I AM NOT one of those taxpayers who is constantly asking if I'm getting the biggest bang for my buck. A perfect example of my "who cares what my military hardware costs" attitude concerns a story I recently read in the New York Times by reporter Tim Weiner.
Mr. Weiner wrote about a new report that revealed the $2.2 billion B-2 bomber, pride ofthe U.S. Air Force, is equipped with radar that cannot distinguish between a rain cloud and a mountain.
Although it has failed many of its tests, 20 of the planes are being built at a cost of $44 billion.
Like every piece of military equipment there are other sides to the story.
I spoke to Victor Altchek, on contract to the Air Force as a biased consultant.
"It doesn't matter if the B-2's equipment works or not -- as long as everyone stays inside the budget."
Victor held up a model that looked like a bat. "Despite what the critics say, let me give you the plus side: This plane can fly faster and higher than any bomber in the world."
"What's the minus?"
"It can't fly low because the electronic equipment doesn't work when the plane hugs the ground."
"Can it be fixed?" I asked Victor.
"We're working on it. There's talk of building another plane that would fly above the B-2 and tell the bomber its exact location. This second plane would be plugged in to a third AWAC aircraft that could direct traffic from 60,000 feet.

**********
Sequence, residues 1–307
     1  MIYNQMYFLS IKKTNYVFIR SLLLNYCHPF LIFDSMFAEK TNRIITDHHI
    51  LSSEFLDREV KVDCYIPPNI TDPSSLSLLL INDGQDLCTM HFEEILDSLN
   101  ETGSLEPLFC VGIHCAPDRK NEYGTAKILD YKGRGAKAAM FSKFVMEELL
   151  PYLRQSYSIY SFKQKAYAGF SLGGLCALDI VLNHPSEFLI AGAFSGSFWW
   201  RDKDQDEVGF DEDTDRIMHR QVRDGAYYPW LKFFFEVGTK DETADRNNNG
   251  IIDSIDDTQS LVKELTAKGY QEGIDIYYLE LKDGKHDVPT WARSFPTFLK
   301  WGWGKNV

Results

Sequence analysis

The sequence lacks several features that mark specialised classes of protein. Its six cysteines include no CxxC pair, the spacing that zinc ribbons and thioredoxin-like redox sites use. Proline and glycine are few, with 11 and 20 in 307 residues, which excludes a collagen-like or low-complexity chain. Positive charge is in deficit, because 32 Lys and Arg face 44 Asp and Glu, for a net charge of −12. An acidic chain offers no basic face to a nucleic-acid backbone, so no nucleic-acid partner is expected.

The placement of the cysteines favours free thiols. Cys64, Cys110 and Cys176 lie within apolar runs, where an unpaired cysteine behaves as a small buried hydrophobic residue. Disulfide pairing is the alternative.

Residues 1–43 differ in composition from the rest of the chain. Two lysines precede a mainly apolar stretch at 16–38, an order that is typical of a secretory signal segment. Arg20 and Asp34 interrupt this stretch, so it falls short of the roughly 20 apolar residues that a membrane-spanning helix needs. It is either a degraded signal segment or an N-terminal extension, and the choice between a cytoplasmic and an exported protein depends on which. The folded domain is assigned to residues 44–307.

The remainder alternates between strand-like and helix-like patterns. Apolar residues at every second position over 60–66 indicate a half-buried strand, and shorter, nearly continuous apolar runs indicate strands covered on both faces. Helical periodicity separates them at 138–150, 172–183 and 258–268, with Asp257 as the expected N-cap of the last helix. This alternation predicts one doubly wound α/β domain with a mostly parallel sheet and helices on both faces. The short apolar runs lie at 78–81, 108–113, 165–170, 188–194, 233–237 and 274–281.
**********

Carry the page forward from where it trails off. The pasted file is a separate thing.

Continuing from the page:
"It sounds complicated," I said. "If it doesn't do what it's supposed to do, why doesn't the Pentagon just call a halt to the program?"
"Nobody knows how to do that. The people behind the B-2 argue that, although it really is a lemon, it would cost more to cancel the planes than to build them."
"What is the bomber's manufacturer doing to correct the problems?"
"The company has launched an advertising campaign to warn the American public that it can't live without this plane. The TV ads are so good that people keep calling in wanting to know where they can buy one."
I said, "Politicians who are against welfare prefer to eliminate the system on the grounds that it no longer works. Why don't they want to do the same with the B-2?"
"Because this country can afford to finance a bomber that doesn't work, but a welfare program has to be perfect."
Art Buchwald is a syndicated columnist.